The Aperture logo being used as the Mi 3 camera is just silly. It was just like someone’s stupid mistake. They were cutting corners and they were looking for a good image of a camera lens; it so happened that the Aperture logo was an incredibly beautiful image of a camera lens. It was silly and stupid and they shouldn’t have done it.
Gigaom wrote about slowing iPad sales.
Expecting iPad sales growth to mirror that of the iPhone, which is still on a relatively stronger upward direction, is unreasonable for a number of reasons. First: phones are far more a communications necessity than tablets are, at least for now. That’s why 2013 saw nearly one billion smartphones sold with expectations of another 1.2 billion more in 2014. By comparison, last year the tablet market only topped 195.3 million units, per Gartner.
Different upgrade cycles:
Give someone 18 months or so with a phone: They’re ready to upgrade and a carrier is very likely to help them do so with financial incentives. However, tablets in this regard are more like traditional computers: They’re going to last longer for most people. For one thing, they’re typically not subsidized so an iPad buyer is looking at an up-front investment of $499 or so (less for an iPad mini or older iPad, of course). Add a cellular radio and that investment jumps by $130, making the base iPad Air 26 percent more expensive. That’s no small price to pay and it’s one that makes it more likely that a consumer would keep the device just a little longer instead of buying the next shiny tablet that comes along.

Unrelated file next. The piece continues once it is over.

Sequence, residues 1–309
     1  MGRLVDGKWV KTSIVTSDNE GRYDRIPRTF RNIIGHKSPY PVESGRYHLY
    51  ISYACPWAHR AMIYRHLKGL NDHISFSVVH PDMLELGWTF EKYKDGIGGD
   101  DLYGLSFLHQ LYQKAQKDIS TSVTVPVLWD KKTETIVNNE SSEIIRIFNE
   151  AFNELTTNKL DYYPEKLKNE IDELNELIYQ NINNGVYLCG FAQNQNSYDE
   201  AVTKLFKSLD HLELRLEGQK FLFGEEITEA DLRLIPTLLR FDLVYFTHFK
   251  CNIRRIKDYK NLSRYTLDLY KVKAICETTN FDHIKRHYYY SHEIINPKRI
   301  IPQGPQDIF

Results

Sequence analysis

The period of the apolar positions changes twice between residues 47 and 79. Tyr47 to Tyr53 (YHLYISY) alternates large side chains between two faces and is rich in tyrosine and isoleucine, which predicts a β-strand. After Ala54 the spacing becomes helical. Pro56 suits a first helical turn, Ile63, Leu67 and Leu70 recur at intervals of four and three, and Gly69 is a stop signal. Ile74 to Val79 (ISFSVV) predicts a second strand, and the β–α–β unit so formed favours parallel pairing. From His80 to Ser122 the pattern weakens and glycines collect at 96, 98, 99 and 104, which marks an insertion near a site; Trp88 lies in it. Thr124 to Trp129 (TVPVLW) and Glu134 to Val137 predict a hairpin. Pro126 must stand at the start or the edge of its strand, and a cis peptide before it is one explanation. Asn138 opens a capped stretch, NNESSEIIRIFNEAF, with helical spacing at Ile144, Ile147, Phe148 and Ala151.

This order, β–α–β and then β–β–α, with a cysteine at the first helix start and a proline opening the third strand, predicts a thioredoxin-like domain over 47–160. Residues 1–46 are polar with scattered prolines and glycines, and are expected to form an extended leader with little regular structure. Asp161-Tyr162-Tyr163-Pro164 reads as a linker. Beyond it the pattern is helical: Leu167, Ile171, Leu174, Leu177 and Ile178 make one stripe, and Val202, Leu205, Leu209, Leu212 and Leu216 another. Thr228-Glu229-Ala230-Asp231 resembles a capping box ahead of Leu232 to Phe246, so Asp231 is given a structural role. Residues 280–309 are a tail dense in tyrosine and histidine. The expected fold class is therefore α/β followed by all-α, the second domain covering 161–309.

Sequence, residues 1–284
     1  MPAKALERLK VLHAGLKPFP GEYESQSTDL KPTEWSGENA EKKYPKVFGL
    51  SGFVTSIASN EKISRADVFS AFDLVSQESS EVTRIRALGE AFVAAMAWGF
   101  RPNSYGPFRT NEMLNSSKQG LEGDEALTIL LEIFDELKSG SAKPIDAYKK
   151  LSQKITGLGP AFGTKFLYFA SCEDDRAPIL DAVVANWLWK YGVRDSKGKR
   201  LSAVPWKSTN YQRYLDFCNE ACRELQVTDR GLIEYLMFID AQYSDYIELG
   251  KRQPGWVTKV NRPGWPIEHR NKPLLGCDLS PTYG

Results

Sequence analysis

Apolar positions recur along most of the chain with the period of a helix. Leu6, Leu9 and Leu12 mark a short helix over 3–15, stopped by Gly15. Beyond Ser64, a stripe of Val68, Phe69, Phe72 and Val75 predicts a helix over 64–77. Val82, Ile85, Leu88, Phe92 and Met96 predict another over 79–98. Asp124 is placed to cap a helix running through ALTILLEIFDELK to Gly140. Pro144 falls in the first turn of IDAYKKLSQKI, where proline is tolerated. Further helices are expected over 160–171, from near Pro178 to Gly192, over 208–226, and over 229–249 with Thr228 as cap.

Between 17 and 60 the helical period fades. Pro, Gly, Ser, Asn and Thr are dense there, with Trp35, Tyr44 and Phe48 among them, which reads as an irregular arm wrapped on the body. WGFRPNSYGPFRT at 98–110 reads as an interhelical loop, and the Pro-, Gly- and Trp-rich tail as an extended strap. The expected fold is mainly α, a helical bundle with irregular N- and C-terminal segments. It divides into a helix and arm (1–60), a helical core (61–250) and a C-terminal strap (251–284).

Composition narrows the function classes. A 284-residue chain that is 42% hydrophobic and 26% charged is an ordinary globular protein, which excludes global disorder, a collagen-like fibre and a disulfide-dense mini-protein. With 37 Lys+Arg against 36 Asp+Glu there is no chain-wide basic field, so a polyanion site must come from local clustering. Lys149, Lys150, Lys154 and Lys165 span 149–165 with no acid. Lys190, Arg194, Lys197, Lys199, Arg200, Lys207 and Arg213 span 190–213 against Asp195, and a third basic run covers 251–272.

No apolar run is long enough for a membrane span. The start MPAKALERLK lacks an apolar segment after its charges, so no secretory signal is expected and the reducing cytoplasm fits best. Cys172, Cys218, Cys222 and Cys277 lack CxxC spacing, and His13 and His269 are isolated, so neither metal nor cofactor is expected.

Brian S Hall of Techpinions dissected the Satya Nadella internal memo.
Nadella’s willingness to act fast, to re-make Microsoft, hack away at the extraneous and transform the company into “the productivity and platform company for the mobile-first and cloud-first world” appears to be exactly what the company needs.
But when you gut a $7.2 billion acquisition, which the company only closed on this past April, and fire 18,000 people, then you haven’t leapt from a burning platform, you’ve set the platform ablaze. There is no going back, no do-overs for Mr. Nadella. He is about to set the company on a ten year course, possibly longer, and though Microsoft possesses a rather stunning array of assets, what’s most stunning is the company still has virtually zero response to the iPhone, the iPad and Android. In 2014.
So much for mobile-first and cloud first.
In his “bold ambition” email to employees, only days before this, Nadella stated “first party hardware” would form part of the core Microsoft vision. He said this four times!
- Our cloud OS infrastructure, device OS and first-party hardware will all build around this core focus and enable broad ecosystems.
- Our Windows device OS and first-party hardware will set the bar for productivity experiences.
- Our first-party devices will light up digital work and life.
- We will build first-party hardware to stimulate more demand for the entire Windows ecosystem.